Sincerely yours, Mister Phathupats | Inquirer Opinion

Sincerely yours, Mister Phathupats

As a Kapampangan, Juan Crisostomo Soto’s “Y Miss Phathupats” feels more than just required reading. Over a century old yet the story’s core message remains painfully true—a division of identity between the colonial West and one’s local heritage, a conflict between identity.

Yeyeng, the protagonist, embodies this conflict. Embracing English after encountering American soldiers, she abandons her native Kapampangan language, being nicknamed “Miss Phathupats.” The townspeople see through her facade, exposing the hypocrisy that often accompanies cultural alienation.

“Y Miss Phathupats” serves as a cautionary tale and an opportunity for reflection. The story reflects a historical pressure to assimilate, a pressure I can identify with on a personal level. It’s a source of shame—sure, I know the history, the culture, the spirit of the people, but I can barely string two words together in the native tongue. Google Translate is my best friend. It would be funny if it weren’t so pathetic.

My background is a blend: My father is a Tarlaqueño with Ilocano roots and my mother is a Kapampangan-American. You can imagine the raised eyebrows and dismissive scoffs when English comes out of my mouth. The jab—“Kapampangan ka pero ’di ka marunong mag-Kapampangan”—is almost like a shot to the heart. It leaves me feeling like an impostor, a “Kapampangan with an asterisk” or a “fake Kapampangan” as professor Ambeth Ocampo once playfully described himself. Born and raised, a native son, yet I can’t even manage a simple greeting in Kapampangan.


Soto captures this disconnect perfectly: “Do not wonder that the Miss does not know Kapampangan … she is no longer Kapampangan.”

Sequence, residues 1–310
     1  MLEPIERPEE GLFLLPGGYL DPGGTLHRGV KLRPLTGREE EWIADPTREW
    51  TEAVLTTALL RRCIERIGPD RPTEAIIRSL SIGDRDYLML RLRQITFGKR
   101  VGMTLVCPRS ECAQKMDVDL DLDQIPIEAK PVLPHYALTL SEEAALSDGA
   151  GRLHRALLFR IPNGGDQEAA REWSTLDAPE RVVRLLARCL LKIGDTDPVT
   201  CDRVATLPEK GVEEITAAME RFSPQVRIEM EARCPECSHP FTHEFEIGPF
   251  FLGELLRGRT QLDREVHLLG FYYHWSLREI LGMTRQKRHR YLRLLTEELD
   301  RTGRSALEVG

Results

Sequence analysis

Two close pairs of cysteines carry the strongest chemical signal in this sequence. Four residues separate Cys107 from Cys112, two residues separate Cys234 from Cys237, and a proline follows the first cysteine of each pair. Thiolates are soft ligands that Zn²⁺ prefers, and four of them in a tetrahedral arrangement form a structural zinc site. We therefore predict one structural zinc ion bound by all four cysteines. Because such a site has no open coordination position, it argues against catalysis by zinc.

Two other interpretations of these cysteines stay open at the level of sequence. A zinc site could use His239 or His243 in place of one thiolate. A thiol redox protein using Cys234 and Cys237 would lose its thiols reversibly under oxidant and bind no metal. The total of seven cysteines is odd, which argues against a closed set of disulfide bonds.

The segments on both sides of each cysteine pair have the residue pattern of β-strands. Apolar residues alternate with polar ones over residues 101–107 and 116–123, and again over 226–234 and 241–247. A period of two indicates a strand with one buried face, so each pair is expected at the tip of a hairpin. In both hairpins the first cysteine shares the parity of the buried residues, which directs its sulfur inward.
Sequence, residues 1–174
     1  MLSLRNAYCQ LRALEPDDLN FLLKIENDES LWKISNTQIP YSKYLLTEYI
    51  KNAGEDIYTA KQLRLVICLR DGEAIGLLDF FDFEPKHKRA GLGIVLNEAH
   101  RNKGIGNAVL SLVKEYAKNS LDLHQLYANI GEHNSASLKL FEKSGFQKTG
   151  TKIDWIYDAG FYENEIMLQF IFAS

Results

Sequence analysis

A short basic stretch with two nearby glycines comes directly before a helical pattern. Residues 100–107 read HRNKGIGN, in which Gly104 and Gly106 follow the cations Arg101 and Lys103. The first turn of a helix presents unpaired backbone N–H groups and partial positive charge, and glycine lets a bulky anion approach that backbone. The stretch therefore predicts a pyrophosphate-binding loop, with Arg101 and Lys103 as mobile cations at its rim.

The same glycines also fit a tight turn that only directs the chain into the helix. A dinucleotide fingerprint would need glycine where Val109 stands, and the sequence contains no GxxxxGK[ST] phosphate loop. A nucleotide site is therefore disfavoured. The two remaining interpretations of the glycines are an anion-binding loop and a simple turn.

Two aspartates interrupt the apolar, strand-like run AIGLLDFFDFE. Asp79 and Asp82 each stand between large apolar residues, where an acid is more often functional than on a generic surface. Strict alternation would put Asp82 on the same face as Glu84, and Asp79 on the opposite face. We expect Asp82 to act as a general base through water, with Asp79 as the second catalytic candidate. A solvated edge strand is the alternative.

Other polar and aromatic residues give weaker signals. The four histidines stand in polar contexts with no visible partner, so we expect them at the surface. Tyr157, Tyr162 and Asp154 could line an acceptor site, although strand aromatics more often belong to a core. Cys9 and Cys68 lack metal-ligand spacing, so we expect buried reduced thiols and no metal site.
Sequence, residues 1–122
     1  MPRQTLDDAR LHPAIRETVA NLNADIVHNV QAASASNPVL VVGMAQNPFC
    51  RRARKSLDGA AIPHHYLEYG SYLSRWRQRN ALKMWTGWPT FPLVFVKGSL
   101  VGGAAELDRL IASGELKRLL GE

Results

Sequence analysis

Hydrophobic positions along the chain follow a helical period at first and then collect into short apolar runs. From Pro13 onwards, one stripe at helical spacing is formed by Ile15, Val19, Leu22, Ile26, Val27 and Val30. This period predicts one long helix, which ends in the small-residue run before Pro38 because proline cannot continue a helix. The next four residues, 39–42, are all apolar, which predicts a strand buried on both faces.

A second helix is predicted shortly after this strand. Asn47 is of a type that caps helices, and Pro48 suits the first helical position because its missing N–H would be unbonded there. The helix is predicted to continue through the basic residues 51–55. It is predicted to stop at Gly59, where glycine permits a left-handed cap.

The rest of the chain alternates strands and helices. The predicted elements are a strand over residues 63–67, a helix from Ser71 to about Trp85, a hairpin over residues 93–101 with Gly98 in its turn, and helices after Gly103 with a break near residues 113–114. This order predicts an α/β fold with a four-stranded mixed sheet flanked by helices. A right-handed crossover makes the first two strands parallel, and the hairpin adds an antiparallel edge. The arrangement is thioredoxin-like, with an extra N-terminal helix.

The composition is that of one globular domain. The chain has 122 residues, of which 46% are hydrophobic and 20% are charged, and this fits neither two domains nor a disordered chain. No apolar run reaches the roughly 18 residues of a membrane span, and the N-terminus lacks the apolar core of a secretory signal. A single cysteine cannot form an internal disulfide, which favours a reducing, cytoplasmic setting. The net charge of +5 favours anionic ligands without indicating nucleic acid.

The shame deepens when even my Tagalog stalls just shy of the finish line. A simple greeting, a basic phrase—all fumbled and lost in translation. That’s when they pull out the branding iron: “conyo kid.” That’s even worse than “Mister Phathupats.” It’s not even wrong—actually, it almost hits the mark. Almost. I was raised comfortably with English as my primary language. It’s the insult behind the words, the implication that I don’t truly belong that burns me. It implies a colonial mentality, a fawning admiration for the West that borders on arrogance. That couldn’t be further from the truth. I don’t hate my heritage; in fact, I want to learn more about it.

The problem is the pressure to speak in English. It’s seen as a gateway to success, a product of our increasingly globalized world. The irony is suffocating—a system that pushes “English only” then mocks you for being just that. It leaves you feeling like a paradox, a product of their creation they now scorn.My whole life has been dodging stereotypes—speak English and you’re either an arrogant conyo or a genius. The reality is far less dramatic: English was simply the language I grew up with, not a mark of genius. Am I privileged? Yes, but is that a privilege when it severs you from your own heritage?

Like I said, it’s pathetic. If I had a peso for every time I had to tell someone that I can understand both Tagalog and Kapampangan, I’d afford this month’s water bill with some change to spare.


Miss Phathupats used the excuse that Kapampangan “was hard to pronounce and twisted the tongue.” There’s some truth to that—the sounds can be tricky for those unfamiliar with the language. But here’s the difference: her excuse reeked of hypocrisy. Even though Miss Phathupats can speak Kapampangan fluently, she pretended not to. My accent shows that I didn’t grow up speaking it.

Soto’s words sting. “There are many Miss Phathupats nowadays that cannot speak Kapampangan,” he writes, the echo of her name a constant reminder of the cultural disconnect. And, as much as I fight it, I can’t deny the truth—I am a Mister Phathupats in this story.


Whether well-intentioned or not, calling me Mister Phathupats does make it feel like I have to choose. English or Tagalog, Tagalog or Kapampangan. Even then, it’s amusing for some when they hear me, someone who spoke predominantly in English, try my hand in Tagalog. It’s even funnier in Kapampangan.

It feeds this internal disconnect, a fear, and disquiet that can only be brought about by learning the language—but how many people are willing to accommodate someone trying to reconnect with something they’ve long been disconnected from?

Perhaps, one day, I can actively learn and practice with confidence instead of hiding my shame with “Kapampangan Champurao” and “Conyo Tagalog.” For now, though, I’ll keep it only at home.

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Ethan Mosuela, 24, is from Angeles City.


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